Why not guve targeted checks to workers who have no/insufficient sick leave and those suffering wage loss due to business slowdown? And why not extend unemployment checks to 99 weeks like we did during the Great Recession? This is what Congressional Dems are proposing, but Trump refuses to sit down with Pelosi.

Better yet, how about spending money for ready available commercial Covid-19 tests (like those by this Utah company selling to the EU, http://codiagnostics.com/products/diagnostic-solutions/logix-smart-covid19/ ) so every doctor can test for it in their offices, like they do step throat or UTI? I just went for a checkup here in southern California and my doctor, part of a large medical group, she said she and all GP doctors have no Covid-19 tests. They must refer suspected Covid-19 patients to one of the few local hospitals that have the tests. But the hospital will only see you if you are seriously ill. I told her that was insane. She agreed.

If we could get tested as negative at our family doctor, we wouldn't need to enter economically devastating 14-day self-quarantines for what turns out to be a common cold or flu.

Sanders voters helped Trump win the White House. Could they do it again?

Joe Biden isn't the only presidential candidate whose allies believe the votes of Bernie Sanders' most dedicated supporters could hold the key to his November success. President Donald Trump and his supporters believe the same.

In 2016, about 216,000 Michigan, Pennsylvania and Wisconsin voters backed the Vermont senator in the spring and Trump in the fall, according to an analysis of exit polling — well over twice the president's total margin of victory in those states, which were critical to his electoral vote win in the face of a decisive popular vote loss.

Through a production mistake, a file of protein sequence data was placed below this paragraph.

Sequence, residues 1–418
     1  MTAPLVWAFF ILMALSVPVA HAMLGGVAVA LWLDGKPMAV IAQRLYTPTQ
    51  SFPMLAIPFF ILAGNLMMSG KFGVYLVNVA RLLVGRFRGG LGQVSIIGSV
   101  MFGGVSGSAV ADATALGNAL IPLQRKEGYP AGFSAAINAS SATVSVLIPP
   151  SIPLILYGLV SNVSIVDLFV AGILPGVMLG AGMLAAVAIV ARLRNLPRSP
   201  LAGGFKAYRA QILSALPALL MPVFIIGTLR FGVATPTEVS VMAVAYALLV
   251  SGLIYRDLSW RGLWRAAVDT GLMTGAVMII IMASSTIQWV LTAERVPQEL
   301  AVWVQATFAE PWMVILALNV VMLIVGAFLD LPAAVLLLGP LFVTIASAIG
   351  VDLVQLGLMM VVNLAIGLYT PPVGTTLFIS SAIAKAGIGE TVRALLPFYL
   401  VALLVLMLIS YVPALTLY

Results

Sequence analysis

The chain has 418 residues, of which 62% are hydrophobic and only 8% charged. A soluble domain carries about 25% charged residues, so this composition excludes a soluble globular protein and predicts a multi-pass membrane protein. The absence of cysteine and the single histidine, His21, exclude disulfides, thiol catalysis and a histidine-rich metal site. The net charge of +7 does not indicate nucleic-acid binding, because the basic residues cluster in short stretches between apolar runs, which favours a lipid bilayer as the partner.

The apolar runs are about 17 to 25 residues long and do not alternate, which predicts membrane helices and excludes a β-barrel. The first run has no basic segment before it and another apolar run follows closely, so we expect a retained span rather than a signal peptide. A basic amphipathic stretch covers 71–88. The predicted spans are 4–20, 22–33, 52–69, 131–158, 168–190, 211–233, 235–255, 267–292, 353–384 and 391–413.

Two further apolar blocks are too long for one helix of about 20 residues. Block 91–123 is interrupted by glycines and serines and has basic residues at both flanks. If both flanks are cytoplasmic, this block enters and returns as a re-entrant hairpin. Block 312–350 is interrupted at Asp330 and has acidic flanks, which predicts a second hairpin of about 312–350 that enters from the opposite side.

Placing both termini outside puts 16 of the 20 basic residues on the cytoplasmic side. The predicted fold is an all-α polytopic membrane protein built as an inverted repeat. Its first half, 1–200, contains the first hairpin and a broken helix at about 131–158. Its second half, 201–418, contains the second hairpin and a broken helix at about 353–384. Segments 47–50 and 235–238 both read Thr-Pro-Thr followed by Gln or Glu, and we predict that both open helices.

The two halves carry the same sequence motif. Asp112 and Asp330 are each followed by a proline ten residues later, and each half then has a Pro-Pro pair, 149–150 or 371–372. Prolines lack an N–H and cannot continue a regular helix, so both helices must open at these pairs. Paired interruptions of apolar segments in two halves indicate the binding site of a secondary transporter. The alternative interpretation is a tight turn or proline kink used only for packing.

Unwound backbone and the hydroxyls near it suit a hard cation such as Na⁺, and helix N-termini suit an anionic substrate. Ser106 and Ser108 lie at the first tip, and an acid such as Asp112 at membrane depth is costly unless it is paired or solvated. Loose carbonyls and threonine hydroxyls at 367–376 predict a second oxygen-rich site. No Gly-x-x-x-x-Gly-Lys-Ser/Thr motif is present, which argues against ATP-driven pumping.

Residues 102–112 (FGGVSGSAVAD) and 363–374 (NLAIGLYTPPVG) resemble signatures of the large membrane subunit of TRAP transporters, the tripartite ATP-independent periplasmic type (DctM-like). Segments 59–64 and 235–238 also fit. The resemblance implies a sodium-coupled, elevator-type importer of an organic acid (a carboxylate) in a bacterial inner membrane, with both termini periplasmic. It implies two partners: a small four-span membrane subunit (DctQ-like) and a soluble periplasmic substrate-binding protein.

If Sanders ultimately falls short again this time around, Trump's allies hope history repeats itself with the senator's most disaffected supporters — but they won't be leaving that prospect to chance, with a targeted effort underway by groups who support Trump’s re-election to identify and target those voters.

Sanders voters in 2020 have indicated they are less likely than other voters to back the Democratic nominee should their candidate not win the nomination. In an NBC News exit poll taken on Super Tuesday, 15 percent of Sanders voters said they weren't committed to voting for the Democratic nominee, regardless of who it was, compared to 10 percent of Biden voters who said the same.

Testing for the coronavirus might have stopped it. Now it's too late.


William Hanage 
William Hanage is an associate professor of epidemiology at the Center for Communicable Disease Dynamics at the Harvard T.H. Chan School of Public Health